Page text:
Filing under the Redundant Department of Redundancy, I'm simply continuing to empty a non-active website I started late last year. I've written about all of the following before, but someone's gotta satisfy my search for order ("the compulsion to repeat," as The Good Doktor Freud put it)--and in true OCD-fashion, that someone is me.
As influential as his samurai/historical epics may be, Akira Kurosawa mastered other genres, from noir to fantasy to social drama. But throughout his films he continued a conversation between Stoic acceptance and mystic transcendence of things as they are, resulting in films that look with sympathy on human weakness without ignoring the price we pay.
High and Low (1963)
While this sustains more than enough tension for any kidnapped child story, its focus is on personal loss and public responsibility, as well as class divides, as kidnappers mistake a chauffeur's son for his industrialist employer's boy, and the rich man has to gamble everything as he weighs the cost of doing the right thing.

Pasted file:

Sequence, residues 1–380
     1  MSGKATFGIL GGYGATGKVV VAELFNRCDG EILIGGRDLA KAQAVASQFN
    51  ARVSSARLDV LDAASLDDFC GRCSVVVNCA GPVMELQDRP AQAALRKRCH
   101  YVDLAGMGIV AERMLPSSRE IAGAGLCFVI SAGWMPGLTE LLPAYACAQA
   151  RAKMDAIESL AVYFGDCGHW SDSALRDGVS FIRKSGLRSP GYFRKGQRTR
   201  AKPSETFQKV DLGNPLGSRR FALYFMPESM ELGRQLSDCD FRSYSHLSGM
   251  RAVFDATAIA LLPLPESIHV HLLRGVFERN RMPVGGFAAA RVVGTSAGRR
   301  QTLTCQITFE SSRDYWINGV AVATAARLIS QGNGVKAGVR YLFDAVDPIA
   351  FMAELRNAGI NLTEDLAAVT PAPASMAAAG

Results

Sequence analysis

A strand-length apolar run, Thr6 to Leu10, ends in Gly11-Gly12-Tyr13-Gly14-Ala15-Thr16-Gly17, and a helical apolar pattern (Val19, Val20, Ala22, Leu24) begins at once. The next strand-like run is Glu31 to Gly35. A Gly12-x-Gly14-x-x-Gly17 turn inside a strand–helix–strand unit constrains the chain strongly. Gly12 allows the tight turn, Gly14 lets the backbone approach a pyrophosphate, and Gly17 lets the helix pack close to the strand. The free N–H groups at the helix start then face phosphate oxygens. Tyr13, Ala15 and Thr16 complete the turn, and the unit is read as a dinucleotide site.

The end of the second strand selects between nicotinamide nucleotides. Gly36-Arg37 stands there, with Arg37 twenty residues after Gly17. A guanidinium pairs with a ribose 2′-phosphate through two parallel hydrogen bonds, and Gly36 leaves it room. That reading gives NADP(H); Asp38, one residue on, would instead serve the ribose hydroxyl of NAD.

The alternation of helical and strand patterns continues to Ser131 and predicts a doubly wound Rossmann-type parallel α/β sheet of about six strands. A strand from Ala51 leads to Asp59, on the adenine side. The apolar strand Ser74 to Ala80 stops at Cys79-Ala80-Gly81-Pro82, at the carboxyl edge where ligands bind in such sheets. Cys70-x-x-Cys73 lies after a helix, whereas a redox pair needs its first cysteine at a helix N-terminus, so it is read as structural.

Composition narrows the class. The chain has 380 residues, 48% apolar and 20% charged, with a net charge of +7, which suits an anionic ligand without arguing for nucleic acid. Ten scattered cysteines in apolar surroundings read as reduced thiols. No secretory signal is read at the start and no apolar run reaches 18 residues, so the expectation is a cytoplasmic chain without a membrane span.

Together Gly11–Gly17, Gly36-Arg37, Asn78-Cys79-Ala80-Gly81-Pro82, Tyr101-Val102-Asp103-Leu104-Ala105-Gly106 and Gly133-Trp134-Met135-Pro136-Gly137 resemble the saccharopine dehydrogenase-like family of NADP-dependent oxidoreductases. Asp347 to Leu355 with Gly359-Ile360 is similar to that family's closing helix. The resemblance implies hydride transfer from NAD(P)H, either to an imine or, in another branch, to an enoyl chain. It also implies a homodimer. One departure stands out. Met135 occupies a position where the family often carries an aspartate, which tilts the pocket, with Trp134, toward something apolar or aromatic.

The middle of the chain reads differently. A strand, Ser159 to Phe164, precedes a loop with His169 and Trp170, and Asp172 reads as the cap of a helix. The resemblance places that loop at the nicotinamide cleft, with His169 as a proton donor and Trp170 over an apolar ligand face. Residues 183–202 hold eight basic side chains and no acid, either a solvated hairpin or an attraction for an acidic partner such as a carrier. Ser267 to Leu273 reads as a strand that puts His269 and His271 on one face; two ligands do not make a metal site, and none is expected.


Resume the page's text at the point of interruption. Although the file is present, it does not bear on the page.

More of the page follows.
Kanji Watanabe, a bureaucrat (played by Takashi Shimura with excruciating blankness/despair), learns he is dying of stomach cancer and feels he has wasted his life. Constantly pained, Watanabe follows a circuit, from fear to mercy to death to victory, that not only rescues him from hopelessness but ennobles those around him. A heroic triumph expressed in small gestures.
Red Beard (1965)
While there is an air of the samurai to this film--it stars Toshiro Mifune, Kurosawa's John Wayne, so to speak—it's actually a story of healing as well as honorable service, as the gruff doctor, nicknamed "Red Beard," urges his high-born intern to bow low to the poor he tends to. An "epic" of the transformative power of compassion.
Wednesday, February 06, 2008
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